Home Advocate DFW Residents Advocate For Solar “Energy Revolution” In Texas

DFW Residents Advocate For Solar “Energy Revolution” In Texas



Rosa Orenstein’s passion for renewable energy began with a horrific event: the terrorist attacks of September 11, 2001. In the aftermath, Orenstein reflected on how dependence on fossil fuels was driving US involvement in the Middle -East, where the Americans wanted to protect their oil interests. .

“I started to think about: how to get out of this dependence on fossil fuels? Orenstein, a Dallas attorney, said. “Then I started to look around until I came to the conclusion that solar energy was the ultimate answer because it can be distributed to the smallest unit and to the largest unit. “

Much has changed since Orenstein began her journey to become president of the North Texas Renewable Energy Group, which formed in early 2001.

Solar power is becoming more popular year on year, with 46% of U.S. homeowners saying they have seriously thought about adding panels to their homes, according to a 2019 survey from the Pew Research Center. The Department of Labor predicts that wind turbine technicians will experience one of the fastest growth rates of any occupation between 2019 and 2029, followed by solar panel installers.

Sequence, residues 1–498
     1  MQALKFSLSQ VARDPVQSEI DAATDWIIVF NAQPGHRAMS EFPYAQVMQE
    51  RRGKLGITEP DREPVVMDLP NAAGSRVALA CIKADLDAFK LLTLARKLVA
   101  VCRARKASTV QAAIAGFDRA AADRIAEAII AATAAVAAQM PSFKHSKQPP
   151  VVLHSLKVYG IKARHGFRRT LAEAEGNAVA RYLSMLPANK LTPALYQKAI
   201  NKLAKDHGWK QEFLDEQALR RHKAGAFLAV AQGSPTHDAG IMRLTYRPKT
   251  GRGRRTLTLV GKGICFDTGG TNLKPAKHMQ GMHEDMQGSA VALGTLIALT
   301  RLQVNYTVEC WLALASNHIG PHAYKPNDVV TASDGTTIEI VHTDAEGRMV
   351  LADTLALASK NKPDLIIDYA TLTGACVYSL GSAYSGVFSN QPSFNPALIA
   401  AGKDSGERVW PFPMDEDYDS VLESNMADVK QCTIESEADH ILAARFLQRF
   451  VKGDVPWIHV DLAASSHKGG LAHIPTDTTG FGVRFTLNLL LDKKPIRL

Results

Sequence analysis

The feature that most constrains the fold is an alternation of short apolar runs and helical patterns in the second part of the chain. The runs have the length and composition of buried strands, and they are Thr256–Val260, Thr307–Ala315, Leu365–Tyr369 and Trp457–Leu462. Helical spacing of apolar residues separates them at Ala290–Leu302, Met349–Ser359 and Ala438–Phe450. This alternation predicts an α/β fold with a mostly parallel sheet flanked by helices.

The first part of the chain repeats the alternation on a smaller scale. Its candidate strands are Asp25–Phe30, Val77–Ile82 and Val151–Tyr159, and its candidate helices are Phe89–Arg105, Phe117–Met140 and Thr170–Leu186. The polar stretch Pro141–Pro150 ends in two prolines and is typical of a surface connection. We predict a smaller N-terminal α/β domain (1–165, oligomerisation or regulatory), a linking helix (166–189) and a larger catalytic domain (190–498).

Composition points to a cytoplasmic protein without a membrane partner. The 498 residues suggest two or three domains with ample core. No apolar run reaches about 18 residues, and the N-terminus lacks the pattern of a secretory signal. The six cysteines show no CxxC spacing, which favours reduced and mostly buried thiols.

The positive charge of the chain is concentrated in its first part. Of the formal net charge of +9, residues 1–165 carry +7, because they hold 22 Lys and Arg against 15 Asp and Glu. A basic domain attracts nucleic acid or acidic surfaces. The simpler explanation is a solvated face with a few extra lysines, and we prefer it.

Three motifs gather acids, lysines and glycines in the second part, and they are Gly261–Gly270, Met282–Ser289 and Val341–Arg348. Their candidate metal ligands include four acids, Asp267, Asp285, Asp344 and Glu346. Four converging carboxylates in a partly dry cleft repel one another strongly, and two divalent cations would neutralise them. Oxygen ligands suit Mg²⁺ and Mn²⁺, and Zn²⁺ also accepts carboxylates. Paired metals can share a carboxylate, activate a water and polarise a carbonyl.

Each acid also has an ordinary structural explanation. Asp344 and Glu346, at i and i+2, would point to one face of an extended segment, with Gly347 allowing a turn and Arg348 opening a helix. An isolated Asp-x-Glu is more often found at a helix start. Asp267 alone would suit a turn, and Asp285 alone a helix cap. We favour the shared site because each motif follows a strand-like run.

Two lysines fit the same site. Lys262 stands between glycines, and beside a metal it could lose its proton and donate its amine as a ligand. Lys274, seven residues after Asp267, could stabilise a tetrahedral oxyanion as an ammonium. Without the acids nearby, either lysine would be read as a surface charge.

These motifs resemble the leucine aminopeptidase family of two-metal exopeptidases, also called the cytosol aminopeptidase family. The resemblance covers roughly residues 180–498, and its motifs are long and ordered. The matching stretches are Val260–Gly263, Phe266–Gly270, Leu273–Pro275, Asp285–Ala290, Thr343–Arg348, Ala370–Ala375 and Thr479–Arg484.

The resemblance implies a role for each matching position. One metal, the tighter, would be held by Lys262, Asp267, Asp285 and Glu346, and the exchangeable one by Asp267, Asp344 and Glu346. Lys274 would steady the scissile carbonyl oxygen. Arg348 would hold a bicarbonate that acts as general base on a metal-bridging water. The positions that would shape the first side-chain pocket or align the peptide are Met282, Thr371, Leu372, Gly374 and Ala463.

Orenstein, who has been involved with NTREG for 18 years, knows the organization must continue its core mission of helping interested residents explore their renewable options.

But she’s also set to lead the group to their next goal: educating underrepresented communities about clean energy and ensuring people of color and women benefit from the wave of renewable jobs expected in Texas.

“We need to expand and include the new technologies that are coming in, and include low and moderate income communities, people of color and underserved communities so that they too can be a part of this energy revolution,” said Orenstein. .

The COVID-19 pandemic has made achieving those milestones more difficult, Orenstein said. But the organization has made every effort to adapt, notably by transforming its annual DFW Solar Tour into a virtual format.

The event, which showcases homes and businesses using renewable energy and energy conservation technologies in unique ways, is scheduled for Saturday, October 2 from 9:30 a.m. to 4 p.m.

While Zoom presentations may not replicate traveling North Texas to tour the solar facilities, attendees will still have an interactive experience through question-and-answer sessions with presenters from Dallas College, City of Cedar Hill. and area owners, according to Mark Witte, NTREG Chair event.

“We are excited about this year because the people taking part in the solar tour have done a really good job with their solar installations which are producing a lot of energy and saving a lot of money,” Witte said. “It’s good for others to hear this message from the people who have done it and to be able to talk about all the hardships and so forth associated with achieving it. “

For those less familiar with the specifics of energy efficiency or panel installation, organizers offer Solar 101 sessions to answer questions about purchasing, financing, and conserving energy on their properties. .